Scully in vintage form entering 64th season
Broadcasting icon shares some memories of Brooklyn, Jackie and playing college ball
GLENDALE, Ariz. -- Vin Scully had just pulled up a chair for some Dodgers baseball on a cool, bright afternoon at Camelback Ranch when a woman, at a distance of about 50 yards, caught his attention.
Seated outside the Dodgers' offices on a roof behind the left-field wall at the team's springtime ballpark, Scully consented when she asked if she could photograph him.
"Sure," Scully said. "If your camera can reach this far."
She snapped her pictures and thanked him. As she walked away, Scully noticed that she was wearing a jersey -- SCULLY imprinted on the back -- bearing No. 17.
When his companion questioned why she'd chosen that number, Scully said, "When I was at Fordham [University], way back when, I wore number 17. How she would know that is beyond me."
The man who has been called the Babe Ruth of broadcasters is embarking on his 64th season behind a microphone, bringing poetry, humor and never-ending insight to fans such as the woman in the Scully jersey. To Dodgers Nation, Vinny is simply larger than life.
Through it all, this remarkable life of achievement, Scully has retained his humility. It comes shining through in self-effacing anecdotes and, in particular, one of his wonderful tales. It is framed around the perfect game thrown by the Yankees' Don Larsen against the Brooklyn Dodgers in Game 5 of the 1956 World Series at Yankee Stadium.
"I was working that game with the great Mel Allen," Scully, who was 28 at the time, recalled. "The way it was set up, I had the last half of the game after Mel took the first half.
"When the MLB Network started up, it replayed that game on a Saturday or Sunday. I was watching a football game and got engrossed in it. When I switched over to the Larsen game, it was the bottom of the fifth, and I was making the call.
"At the time, television was relatively new and nothing like what we see now. The one thing the critics hammered home was that broadcasters talked too much during the telecast. Maybe it was a reaction to that, but there was a lot of dead air on that telecast.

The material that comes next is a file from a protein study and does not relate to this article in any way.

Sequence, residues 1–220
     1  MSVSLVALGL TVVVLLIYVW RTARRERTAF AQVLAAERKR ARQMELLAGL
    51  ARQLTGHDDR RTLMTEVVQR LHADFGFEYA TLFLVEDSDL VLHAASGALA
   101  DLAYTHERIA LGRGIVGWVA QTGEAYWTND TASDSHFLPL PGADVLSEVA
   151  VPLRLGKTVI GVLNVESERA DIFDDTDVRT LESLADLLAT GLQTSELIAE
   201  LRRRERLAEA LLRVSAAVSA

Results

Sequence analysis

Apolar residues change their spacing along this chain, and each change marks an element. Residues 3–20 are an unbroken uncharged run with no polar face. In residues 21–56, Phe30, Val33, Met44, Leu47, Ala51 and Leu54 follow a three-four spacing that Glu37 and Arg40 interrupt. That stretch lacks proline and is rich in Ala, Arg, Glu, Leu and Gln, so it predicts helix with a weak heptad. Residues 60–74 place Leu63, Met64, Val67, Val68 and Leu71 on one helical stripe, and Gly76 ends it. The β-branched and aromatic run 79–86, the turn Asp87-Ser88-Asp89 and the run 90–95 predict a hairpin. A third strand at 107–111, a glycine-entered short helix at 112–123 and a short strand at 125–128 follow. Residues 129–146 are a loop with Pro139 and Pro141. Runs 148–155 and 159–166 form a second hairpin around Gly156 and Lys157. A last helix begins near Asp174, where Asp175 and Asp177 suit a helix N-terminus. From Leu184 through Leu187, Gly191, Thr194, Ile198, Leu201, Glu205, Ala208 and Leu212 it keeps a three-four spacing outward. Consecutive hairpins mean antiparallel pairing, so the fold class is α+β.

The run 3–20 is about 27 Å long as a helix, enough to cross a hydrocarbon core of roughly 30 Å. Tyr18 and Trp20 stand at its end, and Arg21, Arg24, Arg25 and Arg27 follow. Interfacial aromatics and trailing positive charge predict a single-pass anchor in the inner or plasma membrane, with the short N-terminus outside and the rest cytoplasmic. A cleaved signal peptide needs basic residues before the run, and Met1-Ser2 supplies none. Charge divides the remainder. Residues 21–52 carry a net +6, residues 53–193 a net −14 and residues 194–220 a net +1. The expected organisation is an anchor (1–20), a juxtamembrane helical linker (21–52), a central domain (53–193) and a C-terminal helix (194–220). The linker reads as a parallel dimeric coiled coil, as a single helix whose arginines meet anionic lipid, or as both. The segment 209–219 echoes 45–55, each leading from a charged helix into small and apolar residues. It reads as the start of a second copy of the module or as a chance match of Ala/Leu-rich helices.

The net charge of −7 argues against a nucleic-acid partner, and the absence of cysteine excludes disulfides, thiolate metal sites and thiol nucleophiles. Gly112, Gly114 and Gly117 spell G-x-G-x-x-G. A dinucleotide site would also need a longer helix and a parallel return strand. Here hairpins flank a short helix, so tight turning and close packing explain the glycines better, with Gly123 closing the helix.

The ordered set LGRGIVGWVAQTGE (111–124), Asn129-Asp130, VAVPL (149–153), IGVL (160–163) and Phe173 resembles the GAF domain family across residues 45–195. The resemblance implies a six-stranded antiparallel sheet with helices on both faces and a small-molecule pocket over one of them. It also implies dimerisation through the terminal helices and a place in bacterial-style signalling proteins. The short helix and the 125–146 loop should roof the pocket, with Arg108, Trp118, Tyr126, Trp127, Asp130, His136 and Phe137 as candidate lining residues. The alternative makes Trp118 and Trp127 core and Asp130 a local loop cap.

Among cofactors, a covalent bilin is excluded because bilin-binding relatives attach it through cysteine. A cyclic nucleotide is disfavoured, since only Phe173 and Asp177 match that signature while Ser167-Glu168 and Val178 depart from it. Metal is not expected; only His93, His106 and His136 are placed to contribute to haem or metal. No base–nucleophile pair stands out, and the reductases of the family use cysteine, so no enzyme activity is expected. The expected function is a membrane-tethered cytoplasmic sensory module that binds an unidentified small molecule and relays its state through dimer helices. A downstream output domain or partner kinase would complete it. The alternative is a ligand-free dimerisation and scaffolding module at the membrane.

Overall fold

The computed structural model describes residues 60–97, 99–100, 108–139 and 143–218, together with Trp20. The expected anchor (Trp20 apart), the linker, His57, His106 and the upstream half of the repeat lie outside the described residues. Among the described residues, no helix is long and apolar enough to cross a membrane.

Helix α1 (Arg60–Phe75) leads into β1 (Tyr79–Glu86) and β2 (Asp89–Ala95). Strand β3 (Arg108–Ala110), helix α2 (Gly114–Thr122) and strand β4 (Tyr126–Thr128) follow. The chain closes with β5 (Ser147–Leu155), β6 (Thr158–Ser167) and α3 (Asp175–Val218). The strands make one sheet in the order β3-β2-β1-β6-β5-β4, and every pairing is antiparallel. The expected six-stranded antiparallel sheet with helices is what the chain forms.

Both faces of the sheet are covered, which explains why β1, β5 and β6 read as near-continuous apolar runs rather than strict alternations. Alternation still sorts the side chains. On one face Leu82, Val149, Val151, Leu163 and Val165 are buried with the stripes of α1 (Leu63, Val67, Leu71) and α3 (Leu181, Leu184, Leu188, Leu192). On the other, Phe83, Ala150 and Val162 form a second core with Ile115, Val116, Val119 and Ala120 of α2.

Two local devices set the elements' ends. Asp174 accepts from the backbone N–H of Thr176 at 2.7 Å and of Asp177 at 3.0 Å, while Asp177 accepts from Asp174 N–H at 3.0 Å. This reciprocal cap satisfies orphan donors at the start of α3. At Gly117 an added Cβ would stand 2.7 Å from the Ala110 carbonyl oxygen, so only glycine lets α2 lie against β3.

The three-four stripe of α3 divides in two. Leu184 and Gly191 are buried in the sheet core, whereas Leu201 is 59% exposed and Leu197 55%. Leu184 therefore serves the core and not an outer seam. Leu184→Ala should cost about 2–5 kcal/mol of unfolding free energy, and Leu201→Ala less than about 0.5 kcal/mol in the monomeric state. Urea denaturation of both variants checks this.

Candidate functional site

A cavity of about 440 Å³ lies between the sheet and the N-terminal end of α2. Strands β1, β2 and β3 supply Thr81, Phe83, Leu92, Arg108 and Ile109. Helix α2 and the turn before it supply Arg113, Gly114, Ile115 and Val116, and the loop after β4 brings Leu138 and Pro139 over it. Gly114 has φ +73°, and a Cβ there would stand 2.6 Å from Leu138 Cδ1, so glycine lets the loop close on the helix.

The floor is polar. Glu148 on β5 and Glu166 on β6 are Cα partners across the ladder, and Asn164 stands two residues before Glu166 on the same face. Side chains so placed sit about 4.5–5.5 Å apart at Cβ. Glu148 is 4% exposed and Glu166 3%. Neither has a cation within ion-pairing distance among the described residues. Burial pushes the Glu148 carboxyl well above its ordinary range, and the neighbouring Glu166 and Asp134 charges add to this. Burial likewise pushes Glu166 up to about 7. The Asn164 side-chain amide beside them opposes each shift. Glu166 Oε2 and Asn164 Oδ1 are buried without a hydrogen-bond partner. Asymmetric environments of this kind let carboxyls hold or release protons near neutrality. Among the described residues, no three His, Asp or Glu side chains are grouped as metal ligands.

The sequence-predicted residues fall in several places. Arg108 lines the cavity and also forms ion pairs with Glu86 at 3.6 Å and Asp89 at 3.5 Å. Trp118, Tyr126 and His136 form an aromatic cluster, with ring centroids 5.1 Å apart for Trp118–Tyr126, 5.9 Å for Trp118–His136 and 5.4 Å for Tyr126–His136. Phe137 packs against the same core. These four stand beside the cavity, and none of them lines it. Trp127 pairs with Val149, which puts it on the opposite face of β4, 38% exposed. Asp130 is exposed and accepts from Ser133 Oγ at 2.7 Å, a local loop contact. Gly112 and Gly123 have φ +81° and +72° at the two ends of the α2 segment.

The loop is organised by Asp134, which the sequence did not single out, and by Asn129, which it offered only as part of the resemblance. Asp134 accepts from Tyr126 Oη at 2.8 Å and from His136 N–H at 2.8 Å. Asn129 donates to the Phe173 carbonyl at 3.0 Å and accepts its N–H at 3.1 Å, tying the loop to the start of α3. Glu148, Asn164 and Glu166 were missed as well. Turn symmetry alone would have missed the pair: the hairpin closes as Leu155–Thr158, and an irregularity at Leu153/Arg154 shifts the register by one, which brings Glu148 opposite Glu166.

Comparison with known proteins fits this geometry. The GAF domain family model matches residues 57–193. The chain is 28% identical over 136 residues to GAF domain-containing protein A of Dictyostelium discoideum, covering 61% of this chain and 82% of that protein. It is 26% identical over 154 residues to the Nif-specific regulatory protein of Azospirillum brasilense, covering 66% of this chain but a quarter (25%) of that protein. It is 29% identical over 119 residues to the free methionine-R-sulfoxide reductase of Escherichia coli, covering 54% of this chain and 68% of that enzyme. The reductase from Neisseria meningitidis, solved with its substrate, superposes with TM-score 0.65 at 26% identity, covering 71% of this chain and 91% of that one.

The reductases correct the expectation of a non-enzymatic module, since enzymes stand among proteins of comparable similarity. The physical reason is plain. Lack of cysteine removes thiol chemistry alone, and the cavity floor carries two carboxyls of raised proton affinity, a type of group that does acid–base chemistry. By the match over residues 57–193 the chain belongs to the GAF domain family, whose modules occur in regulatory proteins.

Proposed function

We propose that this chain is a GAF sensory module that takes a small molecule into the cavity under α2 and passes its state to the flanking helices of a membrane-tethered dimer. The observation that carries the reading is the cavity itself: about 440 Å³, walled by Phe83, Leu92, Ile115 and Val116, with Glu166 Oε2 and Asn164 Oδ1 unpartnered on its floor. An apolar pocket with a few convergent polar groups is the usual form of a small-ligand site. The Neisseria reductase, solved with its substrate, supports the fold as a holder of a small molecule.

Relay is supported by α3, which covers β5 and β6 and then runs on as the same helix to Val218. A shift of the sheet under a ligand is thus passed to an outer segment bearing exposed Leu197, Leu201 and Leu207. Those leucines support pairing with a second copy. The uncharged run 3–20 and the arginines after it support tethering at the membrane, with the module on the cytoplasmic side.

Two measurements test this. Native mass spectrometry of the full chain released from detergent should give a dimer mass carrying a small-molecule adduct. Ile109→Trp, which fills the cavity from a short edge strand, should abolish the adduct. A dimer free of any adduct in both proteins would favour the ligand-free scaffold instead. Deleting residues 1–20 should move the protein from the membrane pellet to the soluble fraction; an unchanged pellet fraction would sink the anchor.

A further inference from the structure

"I remember Mel was saying, 'He's retired six in a row, nine in a row ...' so when I took over, that's what I did. 'It's now 16, 17, 19 in a row.' I didn't have a lot to say. All of this made for what I found to be a very dull telecast.
"So I went back to the football game. I had heard me before. There was no reason to watch any more of it."
So, Vin Scully, to this day, never has heard his call when Larsen struck out pinch-hitter Dale Mitchell for the 27th out of arguably the most famous game in baseball history?
"I've never seen it," Scully said.
What he did see, with astonishment, was the borough of Brooklyn's reaction in 1955 after the Dodgers vanquished the Yankees in Game 7 at Yankee Stadium for their first World Series championship.
"After the third out, Johnny Podres having shut them out, I was taken in a car to the Lexington Hotel with some other Dodgers people," Scully said. "I had a date, and I left the group to get my car and go pick her up. We drove over to Brooklyn for the party at the Bossert Hotel.
"It was like V-J Day and V-E Day rolled into one when we came out of the tunnel. There were thousands of people on the sidewalks leading to the hotel. There were policemen, and parking attendants who took your car about a block from the hotel. Walking down that street to the hotel, that was an unforgettable scene."
Young Vin really knew how to impress a date.
"Her name was Joan Ganz," Scully said. "She was from Arizona. I'm pretty sure she later became the creator of 'Sesame Street.' You can check on that. We liked each other and stayed in touch, but it never got serious. I haven't told this story, but what the heck. That was a long time ago."
An internet check confirmed Scully's recollection of the future of Ms. Ganz, a publicist in New York City when they met. In 1966, Joan Ganz Cooney oversaw and directed the creation of "Sesame Street," which premiered in 1969. As the first executive director for Children's Television Workshop, she was among the groundbreaking female executives in American television.